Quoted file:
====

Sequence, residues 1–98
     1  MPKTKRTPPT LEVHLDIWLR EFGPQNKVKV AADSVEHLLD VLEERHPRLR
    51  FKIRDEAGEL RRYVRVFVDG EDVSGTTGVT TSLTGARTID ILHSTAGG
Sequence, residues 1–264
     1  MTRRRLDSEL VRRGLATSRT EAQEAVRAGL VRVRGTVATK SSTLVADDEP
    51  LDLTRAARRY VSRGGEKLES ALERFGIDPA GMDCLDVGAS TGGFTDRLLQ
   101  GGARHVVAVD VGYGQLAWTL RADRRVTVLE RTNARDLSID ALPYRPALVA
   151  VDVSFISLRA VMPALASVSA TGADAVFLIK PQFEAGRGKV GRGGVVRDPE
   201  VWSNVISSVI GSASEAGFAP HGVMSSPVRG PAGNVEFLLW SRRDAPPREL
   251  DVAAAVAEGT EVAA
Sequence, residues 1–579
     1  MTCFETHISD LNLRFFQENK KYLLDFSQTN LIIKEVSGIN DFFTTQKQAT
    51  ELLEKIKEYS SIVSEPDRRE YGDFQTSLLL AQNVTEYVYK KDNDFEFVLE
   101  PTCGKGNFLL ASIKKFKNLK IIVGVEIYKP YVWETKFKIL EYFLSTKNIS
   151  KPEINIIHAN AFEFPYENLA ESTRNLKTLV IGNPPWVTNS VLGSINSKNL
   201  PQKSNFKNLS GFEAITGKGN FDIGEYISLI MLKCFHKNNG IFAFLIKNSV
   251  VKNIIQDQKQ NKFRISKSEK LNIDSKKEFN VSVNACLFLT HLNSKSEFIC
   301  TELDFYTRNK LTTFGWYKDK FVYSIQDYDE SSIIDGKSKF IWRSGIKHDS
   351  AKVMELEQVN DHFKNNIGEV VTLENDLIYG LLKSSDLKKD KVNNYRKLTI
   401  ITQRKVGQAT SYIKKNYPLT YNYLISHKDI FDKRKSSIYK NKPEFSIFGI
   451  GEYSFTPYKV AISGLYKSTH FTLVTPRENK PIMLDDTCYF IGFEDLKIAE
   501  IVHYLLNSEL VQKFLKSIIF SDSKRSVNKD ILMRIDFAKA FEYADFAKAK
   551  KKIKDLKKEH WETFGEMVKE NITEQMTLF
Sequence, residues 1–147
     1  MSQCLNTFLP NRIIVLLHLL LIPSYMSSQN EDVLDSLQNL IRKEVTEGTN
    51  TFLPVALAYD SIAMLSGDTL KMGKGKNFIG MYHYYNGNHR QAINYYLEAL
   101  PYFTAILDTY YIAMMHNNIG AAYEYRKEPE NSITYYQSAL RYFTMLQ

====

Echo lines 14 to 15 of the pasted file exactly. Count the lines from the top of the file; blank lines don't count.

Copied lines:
   101  PTCGKGNFLL ASIKKFKNLK IIVGVEIYKP YVWETKFKIL EYFLSTKNIS
   151  KPEINIIHAN AFEFPYENLA ESTRNLKTLV IGNPPWVTNS VLGSINSKNL